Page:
What is Qi?

– by Kiem Schutter, R.Ac,
Founder at Qi Integrated Health

Qi (pronounced “chee”) is frequently translated as “natural energy,” “life force,” or “energy flow.” It is the underlying principle of Chinese medicine and martial arts. The literal translation of “qi” is “breath” or “air.”
The original character for Qi (seen on the left) features the steam coming off of rice. It was created as such to describe the transformative element of Qi. Rice cannot be eaten raw so the Qi (heat, air) changes it to something nourishing.

Qi, like wind or heat, is a powerful, invisible force. It must be seen by observing the effects on its surroundings. In the case of wind, one sees the leaves on a tree moving, rather than the wind itself.

Qi animates all living things. It is one of the two main elements that support life, the other being blood.

Concepts similar to qi can be found in many cultures, for example, prana in the Hindu religion, pneuma in ancient Greece, mana in Hawaiian culture, lüng in Tibetan Buddhism, and ruah in Hebrew culture. Elements of the Qi concept can also be found in Western popular culture. For examples, scholars have recently drawn comparison between qi and “The Force” in Star Wars.

Qi Integrated Health took its name to emphasize the fact that Qi can be externally influenced by a practitioner, food, situations, and emotions. In our facility we hold a relaxing, calm space as it the best possible way to bring Qi into balance.

Questions about Qi? Contact [email protected]

Utilization Of Cupping In The Treatment of Pain

Vancouver Cupping Treatments: It’s so Simple, Why is it so Effective at Relieving Pain?

In my practice at Qi Integrated Health, I use cupping primarily in the treatment of pain and muscle tightness. This modality of treatment has many other uses, including clearing phlegm from the lungs and scar reduction. Today, we will look at the utilization of cupping in the treatment of pain.

In the Traditional Chinese Medicine (TCM) theory, pain is seen as a stasis of blood. There are many reasons blood can stop flowing properly. For example, have you ever been out in the cold for a period of time with your neck exposed, only to wake up with a stiff neck the next day? In TCM we call this an “attack by wind cold”, and the physiologic understanding is that blood is shunted away from cold areas. Both have the same end result: blood is not moving and therefore causes pain and stiffness in the affected area. So, how does cupping help in the treatment of a stiff neck? I would like to help you understand how cupping works for pain and tightness and when to use it.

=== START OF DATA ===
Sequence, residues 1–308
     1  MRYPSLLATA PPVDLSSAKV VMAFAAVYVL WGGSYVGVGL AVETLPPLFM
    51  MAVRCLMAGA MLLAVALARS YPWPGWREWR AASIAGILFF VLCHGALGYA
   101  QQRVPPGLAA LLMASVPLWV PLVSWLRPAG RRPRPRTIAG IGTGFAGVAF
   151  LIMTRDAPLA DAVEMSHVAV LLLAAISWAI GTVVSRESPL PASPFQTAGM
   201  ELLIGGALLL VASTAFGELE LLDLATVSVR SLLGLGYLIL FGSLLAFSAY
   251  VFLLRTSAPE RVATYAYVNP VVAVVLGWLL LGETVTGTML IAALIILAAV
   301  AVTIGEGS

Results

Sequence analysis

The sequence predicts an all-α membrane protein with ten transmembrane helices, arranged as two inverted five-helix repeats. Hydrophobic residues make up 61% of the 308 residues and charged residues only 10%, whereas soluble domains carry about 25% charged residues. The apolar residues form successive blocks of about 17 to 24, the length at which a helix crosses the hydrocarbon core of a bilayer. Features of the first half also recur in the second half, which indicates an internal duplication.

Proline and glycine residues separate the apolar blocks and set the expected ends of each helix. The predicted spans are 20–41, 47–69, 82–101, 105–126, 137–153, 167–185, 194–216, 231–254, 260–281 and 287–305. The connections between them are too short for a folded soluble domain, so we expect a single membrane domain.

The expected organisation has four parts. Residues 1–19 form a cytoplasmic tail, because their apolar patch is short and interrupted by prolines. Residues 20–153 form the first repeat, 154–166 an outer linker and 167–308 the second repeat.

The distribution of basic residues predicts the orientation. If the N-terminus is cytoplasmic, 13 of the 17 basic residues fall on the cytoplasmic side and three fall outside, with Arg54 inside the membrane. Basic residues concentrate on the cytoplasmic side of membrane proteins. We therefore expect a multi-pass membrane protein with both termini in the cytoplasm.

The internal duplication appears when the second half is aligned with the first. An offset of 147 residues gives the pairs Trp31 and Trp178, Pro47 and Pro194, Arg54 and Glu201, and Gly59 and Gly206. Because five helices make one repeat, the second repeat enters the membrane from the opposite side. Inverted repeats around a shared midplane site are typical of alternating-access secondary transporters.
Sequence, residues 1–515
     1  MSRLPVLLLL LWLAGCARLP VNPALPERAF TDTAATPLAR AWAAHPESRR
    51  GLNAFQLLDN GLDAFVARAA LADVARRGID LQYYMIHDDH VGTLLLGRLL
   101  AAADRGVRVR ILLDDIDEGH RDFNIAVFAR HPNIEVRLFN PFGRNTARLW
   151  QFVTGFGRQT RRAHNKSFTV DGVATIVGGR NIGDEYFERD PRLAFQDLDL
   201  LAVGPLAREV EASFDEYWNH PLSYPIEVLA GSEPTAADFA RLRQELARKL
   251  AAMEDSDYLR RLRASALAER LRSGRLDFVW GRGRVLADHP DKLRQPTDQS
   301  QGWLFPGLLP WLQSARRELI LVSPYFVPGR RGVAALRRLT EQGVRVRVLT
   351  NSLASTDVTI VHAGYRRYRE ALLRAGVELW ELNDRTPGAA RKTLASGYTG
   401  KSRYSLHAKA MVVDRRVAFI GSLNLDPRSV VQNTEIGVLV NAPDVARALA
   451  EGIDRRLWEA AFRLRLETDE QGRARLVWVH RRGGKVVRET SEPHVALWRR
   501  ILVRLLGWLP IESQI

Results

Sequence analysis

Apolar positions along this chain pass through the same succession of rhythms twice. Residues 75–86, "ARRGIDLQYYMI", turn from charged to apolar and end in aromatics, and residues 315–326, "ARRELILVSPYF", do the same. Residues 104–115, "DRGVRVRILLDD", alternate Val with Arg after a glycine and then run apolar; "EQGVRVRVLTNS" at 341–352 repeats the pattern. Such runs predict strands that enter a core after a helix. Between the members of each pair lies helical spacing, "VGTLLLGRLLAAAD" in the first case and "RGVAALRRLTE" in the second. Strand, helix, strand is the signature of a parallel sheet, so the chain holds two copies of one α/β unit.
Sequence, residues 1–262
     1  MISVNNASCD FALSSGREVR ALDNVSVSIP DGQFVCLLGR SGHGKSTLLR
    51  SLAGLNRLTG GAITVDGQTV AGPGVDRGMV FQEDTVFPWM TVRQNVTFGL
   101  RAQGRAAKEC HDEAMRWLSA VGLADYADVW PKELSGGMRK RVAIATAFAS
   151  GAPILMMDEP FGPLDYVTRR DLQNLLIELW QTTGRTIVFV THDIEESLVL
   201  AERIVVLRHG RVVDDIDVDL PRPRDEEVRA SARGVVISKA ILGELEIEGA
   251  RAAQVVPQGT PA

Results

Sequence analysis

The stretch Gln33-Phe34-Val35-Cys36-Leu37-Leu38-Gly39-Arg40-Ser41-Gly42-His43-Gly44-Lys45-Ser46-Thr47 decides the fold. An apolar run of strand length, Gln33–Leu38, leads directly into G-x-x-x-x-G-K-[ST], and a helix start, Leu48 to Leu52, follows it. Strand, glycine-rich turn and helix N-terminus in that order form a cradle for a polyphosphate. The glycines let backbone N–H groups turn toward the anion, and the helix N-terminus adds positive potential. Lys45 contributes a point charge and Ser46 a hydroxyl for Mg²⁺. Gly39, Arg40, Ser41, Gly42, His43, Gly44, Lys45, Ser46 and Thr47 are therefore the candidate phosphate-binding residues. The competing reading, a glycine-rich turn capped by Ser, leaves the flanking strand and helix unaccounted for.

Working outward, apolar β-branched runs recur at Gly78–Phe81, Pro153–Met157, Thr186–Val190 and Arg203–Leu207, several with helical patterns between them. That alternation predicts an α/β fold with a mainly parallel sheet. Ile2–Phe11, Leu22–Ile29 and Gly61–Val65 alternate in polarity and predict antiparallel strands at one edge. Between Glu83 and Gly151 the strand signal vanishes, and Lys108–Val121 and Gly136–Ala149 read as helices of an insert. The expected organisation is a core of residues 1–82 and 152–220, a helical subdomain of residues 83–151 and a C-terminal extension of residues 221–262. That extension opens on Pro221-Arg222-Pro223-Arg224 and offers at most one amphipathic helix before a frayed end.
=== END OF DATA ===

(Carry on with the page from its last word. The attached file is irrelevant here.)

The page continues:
How cupping works: Using either a flame (how I do it) or a pump to draw oxygen out and create suction, a glass cup is placed on a specific area and the skin and tissue below are pulled up into the cup. You will feel a pressure that I liken to the feeling when your massage therapist applies pressure to an affected area and holds that pressure to allow the body to relax and the muscle to release. The difference is that the pressure created by the cup is caused by a pulling away of the tissue rather than a pushing in. This action brakes up adhesions between skin/muscle and muscle/muscle and frees entrapped vessels and nerves, effectively stopping pain.

Cupping will often leave a perfectly round, raised bruise. Interestingly, the shade of the bruise is an indication of the health of the tissues below it. I often see darker bruising in spots where the pain was the worst. This is because that where there is most pain and static blood, the cups will pull that oxygen-depleted blood to the surface. The advantage to this is that it allows for new blood to flow into the deeper tissues as the superficial circulation moves the “bad” blood away (I often aid this process by applying a topical liniment or plaster).

I can go on and on about the uses and benefits of cupping treatments for pain and/or tightness, so please feel free to contact me anytime with any of your questions. Or visit us at Qi Integrated Health Clinic in Vancouver for Cupping Treatments.

Kiem Schutter
Clinical Director and Vancouver Registered Acupuncturist at Qi Integrated Health Clinic